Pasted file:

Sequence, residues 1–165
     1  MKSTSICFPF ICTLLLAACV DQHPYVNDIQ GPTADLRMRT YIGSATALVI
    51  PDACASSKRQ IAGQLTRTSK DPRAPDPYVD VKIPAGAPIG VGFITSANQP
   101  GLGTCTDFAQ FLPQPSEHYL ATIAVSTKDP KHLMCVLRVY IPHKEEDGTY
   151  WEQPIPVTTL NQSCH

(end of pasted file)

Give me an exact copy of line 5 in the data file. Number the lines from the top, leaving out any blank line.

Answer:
   151  WEQPIPVTTL NQSCH